Commenting on the long-drawn-out inspection process, Mohit Shrimal, a senior executive with LONGi Solar, said, “We have registered for ALMM, and they have to go to our factory (in China) and do the inspection. Unless the travel ban is lifted, they cannot do a factory visit. The inspection process will take time until the situation on the ground improves. The government has not reached out to any foreign suppliers as yet, and I think it is going to take some time.”
The government feels that the ALMM order is a positive move for domestic solar modules and cell manufacturers. While the absence of foreign names on the list will help the local manufacturers, stakeholders believe that more clarity is required to implement the order and make it a fair deal for all manufacturers.
Speaking at the recent Mercom India Solar Summit 2021, Amitesh Kumar Sinha, Joint Secretary, MNRE, said that it would take another year or year and a half to enlist foreign manufacturers, given the pandemic situation and travel bans.
“We will keep adding manufacturers to the list. I see India as a future manufacturing hub, and in the next two to three years, we will try our best to become self-reliant in the module manufacturing space,” he said.
Many developers believe that the implementation of ALMM will deter foreign players from supplying to the Indian market. With the domestic market still far away from being self-reliant, project developers are staring at a supply bottleneck in the foreseeable future.
Putting things in perspective, Apoorva Ekbote, Senior Manager with Vector Green, said, “It will certainly affect the project developers. Recently, in the hybrid tender published by SECI, they have specified that modules from manufacturers in the ALMM list will only be allowed. This is going to be the norm and will certainly affect our participation in future bids. In India, the maximum module output is limited to 400W, and it is only available with a few manufactures, and only a handful are offering half-cut modules. The project configuration will change when we opt for Indian module manufacturers. Even if we are going to bid, we will have to network with Indian manufacturers to procure modules for large projects.”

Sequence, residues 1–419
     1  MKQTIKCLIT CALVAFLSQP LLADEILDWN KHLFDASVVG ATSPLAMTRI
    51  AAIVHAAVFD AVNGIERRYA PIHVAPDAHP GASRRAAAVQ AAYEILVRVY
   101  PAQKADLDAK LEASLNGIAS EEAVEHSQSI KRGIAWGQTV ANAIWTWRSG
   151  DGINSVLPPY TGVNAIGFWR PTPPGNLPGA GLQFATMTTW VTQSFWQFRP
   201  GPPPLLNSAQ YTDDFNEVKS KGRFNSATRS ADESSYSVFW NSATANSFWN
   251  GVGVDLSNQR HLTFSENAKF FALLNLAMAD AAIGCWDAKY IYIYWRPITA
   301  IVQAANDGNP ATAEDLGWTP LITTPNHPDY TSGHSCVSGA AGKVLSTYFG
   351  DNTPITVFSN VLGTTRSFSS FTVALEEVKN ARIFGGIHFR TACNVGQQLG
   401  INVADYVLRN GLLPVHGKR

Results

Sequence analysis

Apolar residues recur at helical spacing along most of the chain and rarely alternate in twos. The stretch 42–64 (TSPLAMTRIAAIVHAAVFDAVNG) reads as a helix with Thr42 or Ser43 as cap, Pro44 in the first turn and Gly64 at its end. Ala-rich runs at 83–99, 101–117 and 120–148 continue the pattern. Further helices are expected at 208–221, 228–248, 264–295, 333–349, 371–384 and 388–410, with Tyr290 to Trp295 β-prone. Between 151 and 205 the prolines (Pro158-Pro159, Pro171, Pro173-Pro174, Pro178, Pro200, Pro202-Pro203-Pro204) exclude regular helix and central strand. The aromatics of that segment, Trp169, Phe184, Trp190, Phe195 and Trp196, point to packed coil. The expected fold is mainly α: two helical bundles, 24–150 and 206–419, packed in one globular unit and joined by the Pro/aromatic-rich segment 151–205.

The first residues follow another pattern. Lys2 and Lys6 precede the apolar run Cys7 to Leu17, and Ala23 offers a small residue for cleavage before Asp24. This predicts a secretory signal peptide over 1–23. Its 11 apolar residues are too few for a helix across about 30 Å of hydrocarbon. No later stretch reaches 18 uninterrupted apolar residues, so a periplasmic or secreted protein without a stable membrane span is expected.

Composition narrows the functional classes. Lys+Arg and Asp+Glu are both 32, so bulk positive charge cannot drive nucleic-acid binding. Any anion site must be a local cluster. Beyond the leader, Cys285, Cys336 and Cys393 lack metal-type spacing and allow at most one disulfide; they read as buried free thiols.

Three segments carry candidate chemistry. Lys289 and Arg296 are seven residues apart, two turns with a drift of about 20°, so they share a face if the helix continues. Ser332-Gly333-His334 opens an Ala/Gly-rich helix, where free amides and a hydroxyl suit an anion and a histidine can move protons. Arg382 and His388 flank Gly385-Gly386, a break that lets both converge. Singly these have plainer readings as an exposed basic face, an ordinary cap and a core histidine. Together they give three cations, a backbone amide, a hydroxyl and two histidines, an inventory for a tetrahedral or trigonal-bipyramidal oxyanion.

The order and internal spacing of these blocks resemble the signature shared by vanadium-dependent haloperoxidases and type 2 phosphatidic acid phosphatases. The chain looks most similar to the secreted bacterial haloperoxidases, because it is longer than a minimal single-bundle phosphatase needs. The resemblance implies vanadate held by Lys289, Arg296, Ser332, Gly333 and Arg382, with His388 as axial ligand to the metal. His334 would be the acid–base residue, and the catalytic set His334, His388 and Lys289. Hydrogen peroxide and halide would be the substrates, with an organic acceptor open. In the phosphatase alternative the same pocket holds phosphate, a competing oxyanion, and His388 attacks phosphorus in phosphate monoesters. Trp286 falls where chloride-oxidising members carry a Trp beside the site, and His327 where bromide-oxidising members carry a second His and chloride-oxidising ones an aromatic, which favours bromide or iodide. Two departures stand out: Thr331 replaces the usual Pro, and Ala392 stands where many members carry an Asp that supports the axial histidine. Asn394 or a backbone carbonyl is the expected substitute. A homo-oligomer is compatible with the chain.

“Many questions need to be answered. In India, you only get modules of 350W to 360W output, and this will increase the balance of system (BoS) cost,” he said.
ALMM aims to have a quality benchmark for modules and prevent low-quality Chinese manufacturers from dumping their products in India. “The intent is right, but MNRE has to visit the factories, and we are also getting inputs from manufacturers that they have paid the registration fee, but there has been no clarity.
“MNRE should reassess the situation and give a window to developers. It will also affect the capacity addition targets, and any capacity addition for Indian module manufacturers will take some time. Right now, it’s a complicated scenario for all the developers,” Ekbote added.
While the government’s initiative to ensure quality products for the Indian solar industry is commendable, it would do more harm than good to the industry without quick implementation.
“As it stands right now, lack of clarity about ALMM means supply uncertainty, limited module choices, no access to newer technologies, and cost increases for developers of large-scale projects. At a minimum, the industry should have clarity so developers can plan their procurement strategies and adjust their bid prices accordingly, said Raj Prabhu, CEO of Mercom Capital Group.